The Ant Bully

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Review #201 of 365
Film: The Ant Bully [PG] 88 minutes
WIP™ Scale: $11.25
Where Viewed: UA Denver Pavilions 15, Denver, CO
When 1st Seen: 31 July 2006
Time: 7:20 p.m.
Review Dedicated to: M. D. G. of Faribault, MN

John Debney - The Ant Bully

Click for 'Review Lite' [a 150-word or less review of this film]
Well a few things first:
I've said it all year, but this really is the year of the computer-animated film. Recall the list so far: Curious George, Doogal, Ice Age: The Meltdown, The Wild, Over the Hedge, Cars, A Scanner Darkly, Monster House, and now The Ant Bully. That's 9. Still to come: Barnyard, Everyone's Hero, Open Season, Flushed Away, Happy Feet, bringing the total to 15! Which is practically 3 times the number in any previous year. Is anyone else out there worried that somebody is going a bit overboard and this might be too much of a good thing?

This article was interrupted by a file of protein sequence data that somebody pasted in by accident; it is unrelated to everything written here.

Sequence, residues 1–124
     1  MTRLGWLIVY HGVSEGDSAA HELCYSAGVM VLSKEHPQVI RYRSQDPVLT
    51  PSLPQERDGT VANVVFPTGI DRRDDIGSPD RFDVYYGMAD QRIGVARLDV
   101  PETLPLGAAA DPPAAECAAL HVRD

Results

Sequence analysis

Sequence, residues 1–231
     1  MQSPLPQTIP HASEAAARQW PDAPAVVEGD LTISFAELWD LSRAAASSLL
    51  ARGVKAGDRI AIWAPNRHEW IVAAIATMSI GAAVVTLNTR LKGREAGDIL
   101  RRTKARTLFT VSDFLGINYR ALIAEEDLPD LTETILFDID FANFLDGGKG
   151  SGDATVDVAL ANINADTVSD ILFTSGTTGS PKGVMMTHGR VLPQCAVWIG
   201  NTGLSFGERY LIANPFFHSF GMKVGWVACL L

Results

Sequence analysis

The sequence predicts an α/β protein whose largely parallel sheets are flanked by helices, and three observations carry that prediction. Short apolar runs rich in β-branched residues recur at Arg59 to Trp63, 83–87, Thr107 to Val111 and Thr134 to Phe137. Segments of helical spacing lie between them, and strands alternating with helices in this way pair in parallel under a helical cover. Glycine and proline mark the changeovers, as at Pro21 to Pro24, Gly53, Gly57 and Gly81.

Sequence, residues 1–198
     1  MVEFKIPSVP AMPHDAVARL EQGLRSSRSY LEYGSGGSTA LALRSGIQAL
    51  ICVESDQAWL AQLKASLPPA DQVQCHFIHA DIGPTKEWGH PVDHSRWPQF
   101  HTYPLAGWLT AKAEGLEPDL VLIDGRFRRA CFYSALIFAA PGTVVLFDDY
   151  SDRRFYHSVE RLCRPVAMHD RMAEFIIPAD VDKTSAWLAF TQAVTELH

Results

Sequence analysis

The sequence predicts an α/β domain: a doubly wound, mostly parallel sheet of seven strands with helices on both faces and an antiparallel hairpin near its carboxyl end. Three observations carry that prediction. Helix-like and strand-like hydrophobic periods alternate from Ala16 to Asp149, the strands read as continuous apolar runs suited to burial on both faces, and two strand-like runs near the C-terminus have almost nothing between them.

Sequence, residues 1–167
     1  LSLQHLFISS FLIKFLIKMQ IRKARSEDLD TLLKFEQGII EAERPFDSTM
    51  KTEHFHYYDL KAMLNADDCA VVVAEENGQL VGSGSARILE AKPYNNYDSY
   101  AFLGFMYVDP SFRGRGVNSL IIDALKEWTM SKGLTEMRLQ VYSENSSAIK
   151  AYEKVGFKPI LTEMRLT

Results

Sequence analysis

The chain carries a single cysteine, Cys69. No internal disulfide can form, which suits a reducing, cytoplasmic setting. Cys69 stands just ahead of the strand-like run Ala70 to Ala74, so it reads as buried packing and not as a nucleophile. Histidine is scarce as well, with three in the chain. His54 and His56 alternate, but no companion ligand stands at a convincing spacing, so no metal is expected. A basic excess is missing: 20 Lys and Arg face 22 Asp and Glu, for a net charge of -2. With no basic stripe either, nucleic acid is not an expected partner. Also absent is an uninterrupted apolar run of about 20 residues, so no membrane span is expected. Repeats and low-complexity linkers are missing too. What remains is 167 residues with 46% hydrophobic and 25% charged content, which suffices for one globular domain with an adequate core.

Previously, there have been two major motion picture animated films devoted to the subject of ants: A Bug's Life and Antz. The huge difference between these previous two films and The Ant Bully, is that they focused nearly exclusively on the world from the perspective of the ants, while The Ant Bully explores the interaction between the ants and humans. As the title suggests, the film is about a young boy, a victim of bullying himself, who turns his rage on creatures smaller than he is, in this case the ant colony in his front yard.

Lastly to get this out of the way, I really want to say that, from a science teacher's perspective, one thing that bothers me about all three of these 'ant-imated' films is that very little of the ant behavior or anatomy depicted is scientifically accurate other than the obvious, ants cannot really talk thing, of course. I think I'll save more on that, however, for a second review of the film which will likely be coming up when I see the 3D animated version.